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For purposes of comparison, I used the CMP gather of Figure
6 again. The filter size
is as before (`a=30,1`). I iterated 45 times before estimating
the PEF for the coherent noise. Then I iterated 20 times, for a total
of 65 iterations.
The coherent noise attenuation again resembles that obtained with the filtering approach.
In Figure 15, I show the result of the inversion. Figure
15a displays the model space, Figure
15b the reconstructed data from 15a, Figure
15c the noise model for the data (),
and Figure 15d the residual. The noise model is mainly
composed of the coherent noise I am trying to attenuate. The residual
shows linear events scattered throughout the panel. I think
this problem can be partially solved using nonstationary filters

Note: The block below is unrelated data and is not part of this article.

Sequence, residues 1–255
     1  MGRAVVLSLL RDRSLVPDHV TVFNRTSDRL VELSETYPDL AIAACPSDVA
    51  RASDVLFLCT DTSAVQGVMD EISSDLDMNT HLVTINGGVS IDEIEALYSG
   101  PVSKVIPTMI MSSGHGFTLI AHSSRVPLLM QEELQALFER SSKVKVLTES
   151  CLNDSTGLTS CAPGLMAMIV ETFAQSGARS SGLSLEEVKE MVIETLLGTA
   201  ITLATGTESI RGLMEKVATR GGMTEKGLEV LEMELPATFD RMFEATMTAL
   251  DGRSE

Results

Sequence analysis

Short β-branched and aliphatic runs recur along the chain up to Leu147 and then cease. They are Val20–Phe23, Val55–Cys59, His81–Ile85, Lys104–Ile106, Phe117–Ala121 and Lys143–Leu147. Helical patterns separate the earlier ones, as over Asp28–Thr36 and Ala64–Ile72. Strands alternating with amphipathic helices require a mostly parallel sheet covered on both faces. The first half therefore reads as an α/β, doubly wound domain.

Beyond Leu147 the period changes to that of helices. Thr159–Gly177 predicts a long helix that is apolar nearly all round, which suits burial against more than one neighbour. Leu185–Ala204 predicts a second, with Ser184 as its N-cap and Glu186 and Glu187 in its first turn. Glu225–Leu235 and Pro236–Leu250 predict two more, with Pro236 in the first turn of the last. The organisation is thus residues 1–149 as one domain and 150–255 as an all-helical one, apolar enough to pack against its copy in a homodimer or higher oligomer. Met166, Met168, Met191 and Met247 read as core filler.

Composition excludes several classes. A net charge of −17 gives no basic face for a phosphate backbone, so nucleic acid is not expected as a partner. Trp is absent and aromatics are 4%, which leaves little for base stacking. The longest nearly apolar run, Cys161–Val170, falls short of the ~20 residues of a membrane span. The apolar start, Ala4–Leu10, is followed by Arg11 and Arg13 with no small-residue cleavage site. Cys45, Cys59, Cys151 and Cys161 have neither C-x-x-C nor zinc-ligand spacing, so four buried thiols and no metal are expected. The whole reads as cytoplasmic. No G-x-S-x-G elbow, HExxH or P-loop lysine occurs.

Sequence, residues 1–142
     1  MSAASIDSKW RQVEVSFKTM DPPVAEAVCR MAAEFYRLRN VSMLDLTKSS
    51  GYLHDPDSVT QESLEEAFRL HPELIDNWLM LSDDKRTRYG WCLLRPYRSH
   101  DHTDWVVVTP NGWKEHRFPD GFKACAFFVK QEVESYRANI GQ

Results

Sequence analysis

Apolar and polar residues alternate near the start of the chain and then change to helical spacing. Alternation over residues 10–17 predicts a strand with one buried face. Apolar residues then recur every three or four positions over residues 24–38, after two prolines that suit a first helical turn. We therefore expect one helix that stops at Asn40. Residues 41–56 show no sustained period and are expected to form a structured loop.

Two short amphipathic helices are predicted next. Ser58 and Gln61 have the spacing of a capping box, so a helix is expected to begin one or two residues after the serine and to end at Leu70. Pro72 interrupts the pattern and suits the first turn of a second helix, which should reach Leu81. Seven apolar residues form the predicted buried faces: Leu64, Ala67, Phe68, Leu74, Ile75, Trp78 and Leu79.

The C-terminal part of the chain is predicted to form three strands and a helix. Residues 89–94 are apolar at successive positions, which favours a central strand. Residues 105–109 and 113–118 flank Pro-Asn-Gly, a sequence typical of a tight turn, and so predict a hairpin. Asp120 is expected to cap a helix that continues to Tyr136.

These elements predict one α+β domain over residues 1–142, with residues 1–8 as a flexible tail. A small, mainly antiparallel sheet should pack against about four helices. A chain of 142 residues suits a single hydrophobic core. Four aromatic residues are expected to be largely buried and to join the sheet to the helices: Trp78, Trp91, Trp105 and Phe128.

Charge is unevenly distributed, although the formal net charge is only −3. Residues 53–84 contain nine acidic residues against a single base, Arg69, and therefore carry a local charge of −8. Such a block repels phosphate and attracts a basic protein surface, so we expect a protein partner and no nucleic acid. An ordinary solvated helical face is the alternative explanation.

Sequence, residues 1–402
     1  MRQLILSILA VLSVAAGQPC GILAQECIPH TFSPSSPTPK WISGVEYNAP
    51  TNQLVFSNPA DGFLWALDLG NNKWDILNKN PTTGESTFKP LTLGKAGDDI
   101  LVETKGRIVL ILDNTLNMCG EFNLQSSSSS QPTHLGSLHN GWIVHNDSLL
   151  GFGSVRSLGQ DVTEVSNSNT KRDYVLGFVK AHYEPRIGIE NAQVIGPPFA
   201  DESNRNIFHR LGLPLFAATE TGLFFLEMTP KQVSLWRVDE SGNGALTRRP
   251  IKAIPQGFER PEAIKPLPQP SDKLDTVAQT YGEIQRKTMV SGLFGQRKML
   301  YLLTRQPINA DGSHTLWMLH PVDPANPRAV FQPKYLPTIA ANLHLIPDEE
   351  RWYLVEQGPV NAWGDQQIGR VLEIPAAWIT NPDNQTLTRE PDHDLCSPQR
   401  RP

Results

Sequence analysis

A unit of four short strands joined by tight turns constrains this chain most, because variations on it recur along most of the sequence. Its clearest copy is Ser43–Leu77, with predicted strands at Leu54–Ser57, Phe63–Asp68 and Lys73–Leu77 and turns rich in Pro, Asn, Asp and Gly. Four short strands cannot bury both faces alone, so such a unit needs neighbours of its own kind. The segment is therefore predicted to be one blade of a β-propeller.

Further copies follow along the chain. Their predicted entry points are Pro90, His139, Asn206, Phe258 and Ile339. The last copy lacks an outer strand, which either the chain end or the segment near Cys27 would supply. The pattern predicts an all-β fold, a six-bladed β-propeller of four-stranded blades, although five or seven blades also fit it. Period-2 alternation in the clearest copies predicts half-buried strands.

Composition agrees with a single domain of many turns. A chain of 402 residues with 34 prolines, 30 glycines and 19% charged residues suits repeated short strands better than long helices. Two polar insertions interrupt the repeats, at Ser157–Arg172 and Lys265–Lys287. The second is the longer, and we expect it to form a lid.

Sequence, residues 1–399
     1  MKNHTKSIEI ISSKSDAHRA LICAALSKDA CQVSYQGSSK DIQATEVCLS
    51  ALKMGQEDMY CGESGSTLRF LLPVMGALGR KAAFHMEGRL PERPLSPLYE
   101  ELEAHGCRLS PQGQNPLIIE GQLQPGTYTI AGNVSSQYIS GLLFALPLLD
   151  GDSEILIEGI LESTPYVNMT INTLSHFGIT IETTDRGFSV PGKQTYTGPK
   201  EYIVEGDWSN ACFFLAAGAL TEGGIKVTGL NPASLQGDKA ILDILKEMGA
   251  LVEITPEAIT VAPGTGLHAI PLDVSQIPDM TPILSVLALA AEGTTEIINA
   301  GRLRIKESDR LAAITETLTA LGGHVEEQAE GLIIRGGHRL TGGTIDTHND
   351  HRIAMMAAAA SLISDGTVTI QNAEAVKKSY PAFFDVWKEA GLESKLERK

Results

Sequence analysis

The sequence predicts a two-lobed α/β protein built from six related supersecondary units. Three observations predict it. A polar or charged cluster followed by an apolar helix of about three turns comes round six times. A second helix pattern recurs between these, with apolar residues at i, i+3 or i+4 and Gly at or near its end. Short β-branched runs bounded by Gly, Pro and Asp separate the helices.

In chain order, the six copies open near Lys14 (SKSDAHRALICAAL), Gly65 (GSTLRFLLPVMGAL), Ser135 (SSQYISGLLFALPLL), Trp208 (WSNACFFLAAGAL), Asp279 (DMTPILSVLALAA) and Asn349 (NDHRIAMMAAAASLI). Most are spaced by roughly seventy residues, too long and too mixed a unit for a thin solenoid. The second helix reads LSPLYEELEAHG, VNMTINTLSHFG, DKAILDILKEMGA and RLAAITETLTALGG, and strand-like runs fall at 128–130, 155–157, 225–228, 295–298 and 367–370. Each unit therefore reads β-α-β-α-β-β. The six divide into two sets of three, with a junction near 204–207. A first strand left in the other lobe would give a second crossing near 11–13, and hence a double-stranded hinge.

as opposed to a stationary one Guitton et al. (2001).
The importance of the linear events in the residual does not, however,
negate the efficiency of this method. Because the amplitude spectrum
of the residual in Figure 16b is whiter than the
spectrum of the input data in Figure 16a, the fitting
of the data was successful.

**compwz
**

Figure 15 Subtracting the coherent
noise in real data. (a) An estimated model space. (b)
The reconstructed data from the model space. (c) The estimated
coherent noise . (d) The residual after inversion.
Click *Movie* to see how the four panels evolve as the iterations continue.

**compwf
**

Figure 16 (a) The amplitude spectrum of
the input data in Figure 6a. (b) The amplitude spectrum
of the residual after inversion. (c) The normalized objective
function. Click *Movie* to see how the two panels b and c evolve
as the iterations continue.

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** Up:** Subtracting coherent noise
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Stanford Exploration Project

4/29/2001